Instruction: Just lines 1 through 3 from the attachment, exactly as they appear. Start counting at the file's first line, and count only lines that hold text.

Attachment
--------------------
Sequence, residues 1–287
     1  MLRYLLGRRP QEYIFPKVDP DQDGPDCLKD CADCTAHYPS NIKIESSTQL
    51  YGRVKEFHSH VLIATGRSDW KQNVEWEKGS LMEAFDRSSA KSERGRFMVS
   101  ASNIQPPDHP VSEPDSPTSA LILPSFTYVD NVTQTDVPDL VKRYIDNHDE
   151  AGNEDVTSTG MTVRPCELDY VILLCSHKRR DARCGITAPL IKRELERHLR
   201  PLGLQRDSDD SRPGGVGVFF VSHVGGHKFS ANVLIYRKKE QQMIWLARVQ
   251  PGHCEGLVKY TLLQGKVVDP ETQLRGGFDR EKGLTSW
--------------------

Sequence, residues 1–287
     1  MLRYLLGRRP QEYIFPKVDP DQDGPDCLKD CADCTAHYPS NIKIESSTQL
    51  YGRVKEFHSH VLIATGRSDW KQNVEWEKGS LMEAFDRSSA KSERGRFMVS